Objectives: Because FGFR3 and PIK3CA mutations have been reported to be involved in the pathogenesis of seborrhoeic keratosis, we analysed whether these mutations are also present in STK and DPN. Read More

    Comparison of electrodesiccation and potassium-titanyl-phosphate laser for treatment of dermatosis papulosa nigra.
    Dermatol Surg 2009 Jul 15;35(7):1079-83. Epub 2009 May 15.
    Department of Dermatology, Feinberg School of Medicine, Northwestern University, Chicago, Illinois, USA.
    Background: There is a lack of randomized split-face studies investigating treatments for dermatosis papulosa nigra (DPN) in dark skin.

    Objective: To compare the efficacy, safety, and tolerability of potassium-titanyl-phosphate (KTP) laser with efficacy, safety, and tolerability of electrodesiccation in the treatment of DPN in subjects with Fitzpatrick skin phototypes IV to VI.

    Methods: Fourteen subjects with Fitzpatrick skin phototypes IV to VI were randomized to receive two KTP laser treatments 4 weeks apart to half of the face. Read More

    Are all seborrheic keratoses benign? Review of the typical lesion and its variants.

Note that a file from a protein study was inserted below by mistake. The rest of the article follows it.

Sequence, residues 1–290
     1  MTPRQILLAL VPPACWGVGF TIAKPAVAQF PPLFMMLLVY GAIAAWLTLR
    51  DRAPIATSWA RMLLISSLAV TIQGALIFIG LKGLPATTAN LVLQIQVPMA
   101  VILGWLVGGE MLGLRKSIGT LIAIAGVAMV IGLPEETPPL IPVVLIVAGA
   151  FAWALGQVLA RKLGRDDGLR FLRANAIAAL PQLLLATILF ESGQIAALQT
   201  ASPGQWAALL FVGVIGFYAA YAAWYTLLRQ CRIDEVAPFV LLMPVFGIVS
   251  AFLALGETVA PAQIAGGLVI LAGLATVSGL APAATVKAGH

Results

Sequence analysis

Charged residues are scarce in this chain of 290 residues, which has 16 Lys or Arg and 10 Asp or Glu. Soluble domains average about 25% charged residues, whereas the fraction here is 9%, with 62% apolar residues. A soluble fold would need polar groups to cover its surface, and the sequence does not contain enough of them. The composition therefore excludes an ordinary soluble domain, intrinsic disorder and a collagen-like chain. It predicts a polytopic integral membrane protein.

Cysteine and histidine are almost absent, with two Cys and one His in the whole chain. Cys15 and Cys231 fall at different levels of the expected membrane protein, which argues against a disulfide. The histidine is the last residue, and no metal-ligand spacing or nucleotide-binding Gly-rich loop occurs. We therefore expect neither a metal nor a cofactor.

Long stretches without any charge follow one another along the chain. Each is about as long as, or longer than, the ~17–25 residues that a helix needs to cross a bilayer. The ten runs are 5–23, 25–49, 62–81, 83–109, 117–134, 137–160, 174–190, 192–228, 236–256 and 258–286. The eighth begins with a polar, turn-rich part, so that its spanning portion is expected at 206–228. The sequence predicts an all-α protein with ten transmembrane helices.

J Cutan Med Surg 2008 Sep-Oct;12(5):203-10
    Micheal G. DeGroote School of Medicine, McMaster University, Hamilton, ON L8S 1P3, Canada.
    Background: Seborrheic keratosis (SK) is one of the more common benign epidermal neoplasms seen in adult and middle-aged patients.

    Objective: As little is written in the literature about the variants of SK, this article aims to categorize and discuss the different subtypes and their important associations.

    Methods: An in-depth literature search using OVID Medline and PubMed was conducted to classify the various subtypes of SK. Read More

    Treatment of dermatosis papulosa nigra with a 1064 nm Nd:YAG laser: report of two cases.
    J Cosmet Laser Ther 2008 Jun;10(2):120-2
    Division of Dermatology, University of Kansas School of Medicine, Kansas City, Kansas 66160, USA.